Report released on USFS engine rollover in Wyoming

Engine 492, front

The U.S. Forest Service has released a report on the August 8, 2013 rollover of Engine 492 southwest of Newcastle, Wyoming. In August we provided some information from the 72-hour report.

Below is an excerpt from the summary — you can read the entire report HERE.

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“On Thursday, August 8, 2013 Medicine Bow-Routt National Forest and Thunder Basin National Grasslands Engine 492, a 2013 KME Type 4 engine was involved in a rollover accident along Wyoming State Highway 450. The accident occurred around noon, as Engine 492 was responding to the Osage Fire, in mutual aid assistance to Weston County, Wyoming. The accident occurred near mile marker 40, or approximately 10 miles east of the Thunder Basin Work Center.

The engine left the highway, veered slightly to the right side of the road hitting a paved apron to a side gate, with the driver seeking to decelerate and regain control of the engine. The engine returned to the road, with the engine brakes being heavily applied, then redirected back to the highway, which resulted in crossing the center line and going to the opposite road edge. Engine 492 rolled over a few times before coming to rest on its wheels (up-right).

At the time of the accident all three members of Engine 492 were wearing their seatbelts. Use of seatbelts and the integrity of the engine cab are likely the principal reasons for the survivability of this accident. All three crew members were hurt in the accident and the Type 4 engine was a total loss. Two of the crew members were transported by ambulance to Newcastle, Wyoming and the third member was transported by ambulance to the high school practice field in Wright, Wyoming where he was transferred to, and then transported by helicopter to the hospital in Casper, Wyoming. The two crewmembers that were transported to Newcastle, Wyoming were released later the same day. However, the injuries sustained by the third member resulted in a longer stay in Casper and release from the hospital on Saturday, August 10th…”

Engine 492, left side Engine 492, wide

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Report released on escaped prescribed fire at Devils Tower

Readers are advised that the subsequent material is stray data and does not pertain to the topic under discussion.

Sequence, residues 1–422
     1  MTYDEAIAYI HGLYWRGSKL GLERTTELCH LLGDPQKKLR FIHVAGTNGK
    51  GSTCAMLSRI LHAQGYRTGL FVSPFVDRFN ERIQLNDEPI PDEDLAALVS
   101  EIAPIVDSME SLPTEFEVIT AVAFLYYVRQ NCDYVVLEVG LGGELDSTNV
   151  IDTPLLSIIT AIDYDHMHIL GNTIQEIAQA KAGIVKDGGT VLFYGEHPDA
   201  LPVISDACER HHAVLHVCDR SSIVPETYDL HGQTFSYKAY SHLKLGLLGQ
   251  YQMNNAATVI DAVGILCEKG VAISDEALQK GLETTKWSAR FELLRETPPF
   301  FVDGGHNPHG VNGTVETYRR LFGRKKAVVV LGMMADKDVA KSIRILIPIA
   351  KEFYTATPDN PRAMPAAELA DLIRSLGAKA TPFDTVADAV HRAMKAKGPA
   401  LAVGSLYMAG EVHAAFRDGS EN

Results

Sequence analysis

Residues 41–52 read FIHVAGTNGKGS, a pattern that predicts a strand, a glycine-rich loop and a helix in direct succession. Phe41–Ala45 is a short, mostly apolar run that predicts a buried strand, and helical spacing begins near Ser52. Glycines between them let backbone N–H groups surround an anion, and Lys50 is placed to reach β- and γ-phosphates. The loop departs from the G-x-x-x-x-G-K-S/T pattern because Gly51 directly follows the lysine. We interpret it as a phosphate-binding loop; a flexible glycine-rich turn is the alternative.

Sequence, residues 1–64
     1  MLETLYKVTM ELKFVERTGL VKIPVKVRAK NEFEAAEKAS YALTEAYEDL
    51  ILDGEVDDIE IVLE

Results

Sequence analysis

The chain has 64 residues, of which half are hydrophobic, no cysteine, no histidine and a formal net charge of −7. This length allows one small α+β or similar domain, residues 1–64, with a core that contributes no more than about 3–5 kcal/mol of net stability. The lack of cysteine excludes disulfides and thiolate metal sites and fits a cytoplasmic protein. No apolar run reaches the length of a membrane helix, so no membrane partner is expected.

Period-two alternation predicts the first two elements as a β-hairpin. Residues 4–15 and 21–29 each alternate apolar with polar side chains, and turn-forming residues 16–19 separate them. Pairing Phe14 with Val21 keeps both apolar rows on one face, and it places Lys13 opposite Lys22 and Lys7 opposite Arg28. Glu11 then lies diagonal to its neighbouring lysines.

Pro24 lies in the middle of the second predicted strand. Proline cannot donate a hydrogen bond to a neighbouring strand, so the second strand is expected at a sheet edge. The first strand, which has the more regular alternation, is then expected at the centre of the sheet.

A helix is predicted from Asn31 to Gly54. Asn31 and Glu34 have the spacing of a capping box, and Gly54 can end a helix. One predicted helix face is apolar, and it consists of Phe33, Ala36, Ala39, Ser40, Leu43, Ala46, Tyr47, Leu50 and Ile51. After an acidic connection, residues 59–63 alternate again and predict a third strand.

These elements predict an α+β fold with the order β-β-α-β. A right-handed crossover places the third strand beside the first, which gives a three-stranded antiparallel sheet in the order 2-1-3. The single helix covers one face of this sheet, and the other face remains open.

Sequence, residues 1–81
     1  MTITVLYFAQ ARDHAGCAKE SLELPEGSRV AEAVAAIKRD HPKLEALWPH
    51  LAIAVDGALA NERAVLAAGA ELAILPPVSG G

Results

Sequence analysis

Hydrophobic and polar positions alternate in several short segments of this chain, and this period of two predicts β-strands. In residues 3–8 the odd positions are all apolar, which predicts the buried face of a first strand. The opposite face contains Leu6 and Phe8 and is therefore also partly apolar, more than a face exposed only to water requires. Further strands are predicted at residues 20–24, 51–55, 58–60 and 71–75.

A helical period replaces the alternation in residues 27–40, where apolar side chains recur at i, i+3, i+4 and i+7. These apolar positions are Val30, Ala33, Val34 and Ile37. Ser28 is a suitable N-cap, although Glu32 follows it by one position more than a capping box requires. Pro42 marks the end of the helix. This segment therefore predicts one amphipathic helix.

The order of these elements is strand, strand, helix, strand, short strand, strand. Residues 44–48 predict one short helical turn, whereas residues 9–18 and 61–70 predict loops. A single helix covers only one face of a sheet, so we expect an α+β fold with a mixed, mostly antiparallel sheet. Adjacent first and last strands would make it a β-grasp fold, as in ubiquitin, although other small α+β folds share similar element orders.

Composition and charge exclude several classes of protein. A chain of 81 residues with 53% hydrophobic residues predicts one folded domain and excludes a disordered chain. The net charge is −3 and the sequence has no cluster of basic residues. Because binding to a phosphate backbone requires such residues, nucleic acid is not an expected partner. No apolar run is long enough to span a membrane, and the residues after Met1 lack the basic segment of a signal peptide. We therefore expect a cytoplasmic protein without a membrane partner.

Devils Tower escaped prescribed fire

Map, showing the approximate location of the planned prescribed fire at Devils Tower (300 acres in white) and the 56 acres (in red) that escaped beyond the planned perimeter. Image from Google Earth. Perimeters by Wildfire Today. (click to enlarge)

Yesterday after Wildfire Today made inquiries about reports that may have been completed regarding the escaped prescribed fire on May 8, 2013 at Devils Tower National Monument in Wyoming, the National Park Service released the official review of the incident.

The NPS ignited the 300-acre unit on May 7, 2013. Several spot fires occurred outside the planned perimeter that were contained the first day. But during mopup at 12:50 p.m. on May 8 fire became established again at one of the spot fire locations on the southwest side of the project. At that time the cooperating U.S. Forest Service resources present the day before had been released. Some of the remaining firefighters were concentrating on the previous day’s spot fires at another location, but most of the firefighters were attending an After Action Review of a non-injury tipover of a Utility Task Vehicle (UTV) that occurred the day before. The 56 acres burning outside the burn unit were mostly stopped at the Monument boundary, but a few acres crossed over onto private land leased by Wyoming state Senator Ogden Driskill, but no structures were damaged.

Devils Tower Rx fire, May 8, 2013

Devils Tower Rx fire, May 7, 2013. NPS photo.

In the interest of full disclosure, Devils Tower was one of the seven National Parks for which I was the Area Fire Management Officer, from 1998 until 2003.

The review pointed out several times that one of the primary issues related to the escape was that in computing the fine dead fuel moisture, it was assumed that the fire would be shaded by the smoke column. However, some of the area was not shaded, and for two hours each day on May 7 and 8, at those locations the fine dead fuel moisture dropped below the 4 to 10 percent allowed in the prescription, down to 3 percent.

Other than how the weather affected the fuel moisture, the review barely mentioned the weather conditions and the forecast. Two spot weather forecasts were issued before the escape — one at 7:57 a.m. MDT on May 7 and another at 9:29 a.m. on May 8, the day of the escape. For May 8, both forecasts predicted fairly strong northeast winds, of 7 to 15 mph and 8 to 14 mph.

The Remote Automatic Weather Station at Devils Tower is very close to the location of the prescribed fire, in a low-lying area partially sheltered by trees from winds from all directions (see map above). Northwest, north, and northeast winds are additionally partially blocked by higher ground and the Devils Tower itself. Below are the weather observations from the weather station between 17:23 on May 7 through 17:23 on May 8. They show mild sustained wind speeds, with gusts around mid-day to late afternoon on May 8 of 13 to 22 mph. If the weather station was in a more exposed location the recorded speeds would have been higher.

Devils Tower weather, May 7 and 8, 2013

Devils Tower weather, May 7 and 8, 2013

The NPS committed four people to the facilitated learning analysis of the non-injury slow tip over of the UTV, and three to the review of the escaped prescribed fire.